But how could we know for sure that God does exist? Why do so many around the world claim and swear by it? We enter the realm of intuition and gut feeling combined with personal experiences of the paranormal that tend to be rather hard to verify and prove to those who do not believe this to be true. How to explain to someone what chocolate ice cream tastes and feels like if they have never had chocolate or ice cream before.

Just trust me is all that we could say here. In fact, we are asked to either bet on God’s existence, a kind of blind but cautious wager à la Pascal or to just hold our breath, close our eyes and take a leap of faith as Kierkegaard and others would suggest (please note that the leap is only figurative and never literal).

Existentially and essentially, there is this gap left by the void of God and so we look for ways of filling it with close-enough substitutes. Ironically, that could be science as well. Although Freud vehemently denied and decried the existence of the otherworldly or the mystical, we have his once protégé and projected successor later turned persona-non-grata Otto Rank who underscored the importance of the psyche in the field of psychology. Rank so wanted to believe in a soul but never seemed to fully accept and embrace the idea, something that felt and came more naturally to the more psychic-oriented, “spiritually” inclined Carl Gustav Jung.

And yet essentially, the question is the same. We either have a soul or we do not, and if we do, then denying or rejecting that we have a soul does not make it any less so. If you deny having a body, you would be seen as irrational and delusional, but it is more easily acceptable to deny the soul. We say we are more materialistic in outlook believing our own eyes and only what we can see, and yet, we live in a world where there are wireless devices that connect to invisible sources operated by unseen electromagnetic waves, not to mention the enigmatic and paradoxical and inherently entangled and bundled (not to say messed up) world of quantum physics.

But what would account for proof and evidence of God’s existence and presence? Then again, if God exists in my worldview only when, whenever, and as long as He makes my wishes and desires come true, then that would mean that He would not and does not exist if and when my prayers and wishes are not answered and are left hanging and dangling in the void. Again, the hubris of it all is that we would have the power to will or not will God into existence as long as He fulfills our will and demand or does not fulfill them. Put differently, God exists as long as He is on my side; if bad things happen to me, such as my prayers being left unanswered, then He must not exist. We are back at Square One.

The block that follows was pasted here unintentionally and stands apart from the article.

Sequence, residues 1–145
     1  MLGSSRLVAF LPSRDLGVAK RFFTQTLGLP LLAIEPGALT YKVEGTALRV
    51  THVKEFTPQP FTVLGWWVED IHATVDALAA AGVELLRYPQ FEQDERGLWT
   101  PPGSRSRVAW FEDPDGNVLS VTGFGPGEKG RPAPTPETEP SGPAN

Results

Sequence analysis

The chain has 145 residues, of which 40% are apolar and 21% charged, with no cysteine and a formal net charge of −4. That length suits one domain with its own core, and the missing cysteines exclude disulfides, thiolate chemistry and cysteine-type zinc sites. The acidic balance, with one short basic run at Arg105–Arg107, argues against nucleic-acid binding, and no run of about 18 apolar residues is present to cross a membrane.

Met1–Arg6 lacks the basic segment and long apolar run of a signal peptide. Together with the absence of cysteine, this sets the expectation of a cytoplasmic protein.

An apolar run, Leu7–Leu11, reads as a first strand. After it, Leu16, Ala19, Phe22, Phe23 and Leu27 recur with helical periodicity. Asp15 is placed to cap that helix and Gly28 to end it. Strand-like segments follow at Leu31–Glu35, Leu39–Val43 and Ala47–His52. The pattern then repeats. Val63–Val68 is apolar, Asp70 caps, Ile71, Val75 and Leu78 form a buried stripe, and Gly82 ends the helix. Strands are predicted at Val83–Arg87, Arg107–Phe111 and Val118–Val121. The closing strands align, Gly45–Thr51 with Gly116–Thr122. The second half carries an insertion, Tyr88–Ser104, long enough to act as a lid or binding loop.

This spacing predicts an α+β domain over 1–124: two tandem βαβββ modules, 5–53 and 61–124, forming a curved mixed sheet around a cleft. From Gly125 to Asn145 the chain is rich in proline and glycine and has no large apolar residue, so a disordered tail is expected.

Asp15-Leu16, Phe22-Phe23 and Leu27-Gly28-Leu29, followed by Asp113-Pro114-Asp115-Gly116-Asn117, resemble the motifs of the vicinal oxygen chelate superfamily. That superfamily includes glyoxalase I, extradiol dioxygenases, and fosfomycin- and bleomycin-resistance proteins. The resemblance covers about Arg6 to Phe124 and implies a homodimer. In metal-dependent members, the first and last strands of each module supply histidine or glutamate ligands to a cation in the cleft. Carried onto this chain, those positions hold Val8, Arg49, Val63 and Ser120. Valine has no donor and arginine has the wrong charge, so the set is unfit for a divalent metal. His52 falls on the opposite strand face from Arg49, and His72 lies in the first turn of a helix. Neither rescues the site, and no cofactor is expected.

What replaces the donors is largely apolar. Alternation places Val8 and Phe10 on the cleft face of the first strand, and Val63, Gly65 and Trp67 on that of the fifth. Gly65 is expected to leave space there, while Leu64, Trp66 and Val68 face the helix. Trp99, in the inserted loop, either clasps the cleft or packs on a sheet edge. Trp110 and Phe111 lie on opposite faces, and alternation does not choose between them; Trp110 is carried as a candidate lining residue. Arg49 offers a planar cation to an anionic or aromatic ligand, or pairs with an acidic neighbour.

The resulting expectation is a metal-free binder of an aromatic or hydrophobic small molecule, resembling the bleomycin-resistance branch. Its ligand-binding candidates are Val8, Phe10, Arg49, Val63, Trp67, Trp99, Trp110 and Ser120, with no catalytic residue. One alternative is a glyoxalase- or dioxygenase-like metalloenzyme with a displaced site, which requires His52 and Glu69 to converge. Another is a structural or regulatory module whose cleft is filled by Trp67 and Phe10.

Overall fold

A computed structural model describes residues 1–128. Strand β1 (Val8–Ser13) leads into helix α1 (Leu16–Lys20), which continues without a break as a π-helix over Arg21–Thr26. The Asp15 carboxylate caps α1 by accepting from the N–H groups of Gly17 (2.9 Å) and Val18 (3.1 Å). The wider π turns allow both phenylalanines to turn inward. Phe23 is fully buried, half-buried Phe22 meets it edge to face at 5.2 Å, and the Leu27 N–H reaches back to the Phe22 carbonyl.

Let me retrace my steps. This question about God’s existence independent of our belief in him came to me when watching Kiarostami’s movie Ten. In one of the segments, a young love-stricken woman was asking or pleading with God to unite her with her lover. He did not.

I then assumed that she would be angered and even doubt His existence because her wish had not been granted. But no, what if God did purposely not respond to her will and actually went against it. What if His will being done did not include the wishes and desires of this young female. If you prefer a more generic term, what if the universe did not give you what you asked for, does that mean that the universe did not exist?

Some would say that God acts in mysterious ways that are not always reasonable or fathomable or even logical to human minds. Although that seems to be the easy way out of a difficult dilemma and conundrum, which would also entail and assuage the problem of evil or which one was first, the chicken or the egg, there seems to be some uncomfortable and inconvenient truth to it all.

At least when seen and looked at from the human perspective. We would then not be as powerful as we think we are, nor are we immortal. It clips the wings of our flight and exposes the hubris we have created after our many discoveries and accomplishments. Instead of being the one who decides whether God may or may not live, we could attain a certain humility about it all and not just claim ignorance or lack of knowledge but openly state that despite all our knowledge and wisdom, there are certain things that we do not know and acknowledge our limitations. This does not make us less as we continue swirling around on a tiny orb in an endless expansive universe.